For reasons which will soon become apparent, I don't remember the entire incident leading up to the suggestion that I write this blog post, but I do remember where I was at the time.
Last week, as I stood chatting with two work colleagues in their shared classroom, I came to the realization that our conversation had suddenly lapsed. I feared somewhat belatedly that I'd been daydreaming, and I realized that I had no idea how long the silence had stretched.
Oops. Was I supposed to be saying something?
"You know," one of my work friends began, sitting on the side of her desk while scratching her head with coat hanger, "you should really write a blog--"
"Oh, I do!"
"--post about awkward conversations."
I blinked at her. "You're absolutely right."
After all, writers are often encouraged to write what they know best.
And if there's one concept that I seem to know intimately, it's the concept of awkward.
How to Make Any Conversation Awkward:
1. Practice excessive eye contact. Eye contact is important. It's a sign of honesty and integrity. When done correctly, it's a way to tell people that we are interested in what they have to say. When done incorrectly, it's a way to give people the impression that we would like nothing better than to use the severity of our gaze to bore holes directly through their skulls and flip through all of their thoughts as we would through the pages of a Filofax.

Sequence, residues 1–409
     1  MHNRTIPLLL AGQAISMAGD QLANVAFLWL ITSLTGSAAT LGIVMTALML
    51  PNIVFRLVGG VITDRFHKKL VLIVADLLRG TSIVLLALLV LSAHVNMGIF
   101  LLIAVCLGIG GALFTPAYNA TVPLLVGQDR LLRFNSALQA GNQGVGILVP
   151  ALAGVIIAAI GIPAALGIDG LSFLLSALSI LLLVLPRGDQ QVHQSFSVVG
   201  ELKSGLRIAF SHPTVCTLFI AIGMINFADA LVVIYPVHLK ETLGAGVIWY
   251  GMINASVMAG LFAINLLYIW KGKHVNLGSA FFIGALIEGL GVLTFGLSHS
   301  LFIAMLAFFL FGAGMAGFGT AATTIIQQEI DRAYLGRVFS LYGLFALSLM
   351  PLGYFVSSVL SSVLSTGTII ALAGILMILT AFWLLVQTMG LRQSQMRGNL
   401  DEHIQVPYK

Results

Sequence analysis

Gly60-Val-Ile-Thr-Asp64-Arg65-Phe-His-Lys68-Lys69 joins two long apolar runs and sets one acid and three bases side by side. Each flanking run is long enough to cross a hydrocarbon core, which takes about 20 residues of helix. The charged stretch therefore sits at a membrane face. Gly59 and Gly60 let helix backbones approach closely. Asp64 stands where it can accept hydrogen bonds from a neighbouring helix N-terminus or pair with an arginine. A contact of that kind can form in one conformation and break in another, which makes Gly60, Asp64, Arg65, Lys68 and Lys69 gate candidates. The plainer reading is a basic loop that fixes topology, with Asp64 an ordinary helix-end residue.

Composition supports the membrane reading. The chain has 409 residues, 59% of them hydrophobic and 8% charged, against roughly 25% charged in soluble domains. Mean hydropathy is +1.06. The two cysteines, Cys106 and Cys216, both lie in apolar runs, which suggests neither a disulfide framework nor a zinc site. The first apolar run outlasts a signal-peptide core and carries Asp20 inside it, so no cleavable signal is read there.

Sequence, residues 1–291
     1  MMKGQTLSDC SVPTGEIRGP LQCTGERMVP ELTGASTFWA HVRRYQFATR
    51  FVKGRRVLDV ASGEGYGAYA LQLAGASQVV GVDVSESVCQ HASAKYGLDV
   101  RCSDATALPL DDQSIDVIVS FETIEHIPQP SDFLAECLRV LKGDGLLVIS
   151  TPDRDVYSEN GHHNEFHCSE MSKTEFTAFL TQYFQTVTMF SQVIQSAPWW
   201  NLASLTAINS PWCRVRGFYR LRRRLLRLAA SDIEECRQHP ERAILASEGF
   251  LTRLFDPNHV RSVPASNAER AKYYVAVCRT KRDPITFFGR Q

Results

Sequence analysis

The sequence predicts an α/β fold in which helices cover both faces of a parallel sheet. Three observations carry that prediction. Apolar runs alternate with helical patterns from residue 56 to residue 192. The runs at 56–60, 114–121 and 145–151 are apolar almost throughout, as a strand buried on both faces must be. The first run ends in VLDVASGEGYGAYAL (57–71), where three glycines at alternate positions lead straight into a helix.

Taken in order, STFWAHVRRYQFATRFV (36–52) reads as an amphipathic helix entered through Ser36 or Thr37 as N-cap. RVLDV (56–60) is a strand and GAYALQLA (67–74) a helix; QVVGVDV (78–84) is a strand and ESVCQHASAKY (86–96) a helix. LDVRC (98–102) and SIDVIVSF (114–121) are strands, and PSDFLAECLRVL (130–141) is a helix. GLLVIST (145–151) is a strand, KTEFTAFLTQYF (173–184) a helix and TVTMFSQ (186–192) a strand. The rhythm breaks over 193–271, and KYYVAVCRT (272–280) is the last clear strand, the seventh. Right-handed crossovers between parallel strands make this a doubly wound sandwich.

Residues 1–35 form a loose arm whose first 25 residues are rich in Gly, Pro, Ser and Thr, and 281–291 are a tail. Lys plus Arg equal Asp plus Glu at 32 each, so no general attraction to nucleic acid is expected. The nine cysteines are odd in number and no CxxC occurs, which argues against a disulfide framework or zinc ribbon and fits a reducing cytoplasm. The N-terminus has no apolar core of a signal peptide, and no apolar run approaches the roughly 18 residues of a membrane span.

Apparently this is something that I have been guilty of more often than I have been aware. Increasingly, though, it has been something that I've practiced intentionally.
My unintentional staring generally occurs during moments of great concentration. When someone is talking about something that interests me (such as a gruesome true crime) or something that I'm working hard to understand, but am worried that I never will (such as anything relating to science and industry), I attempt to make up for what I lack in understanding with sheer force of concentration. More than a few people have found this unnerving.
One middle-aged salesman from whom I bought a cell phone actually commented that he was having trouble concentrating because I made him feel so nervous.
"I do?" I was genuinely surprised.
"You just keep staring at me like that," he actually rubbed his eyes, "and you've got me worried I'm going to say something wrong."
It's been obvious to me for some time that a certain percentage of students find maintaining eye contact with me to be excruciating. Sometimes I'm not sure why. Sometimes I am.
Sometimes I just stare at people until they say something. Anything.
Variation: If you find that staring directly into people's souls doesn't work for you, try staring just a few centimeters above someone's right eyebrow during the course of an entire conversation. If he shifts his stance to accommodate your off-kilter stare, shift to match.
2. Incorporate everything you have gleaned about someone through interaction on social media into your realtime conversations. This one is self-explanatory, but it's done best when it's delivered sotto voce to a third party. On a recent trip to Chicago, I was enjoying getting to know my new friend *Whitney. Her husband, *Jim, who has kept up with me for some time via the internet, would punctuate my narrative with helpful explanatory nuggets, all of them gleaned through things that I've posted on social media.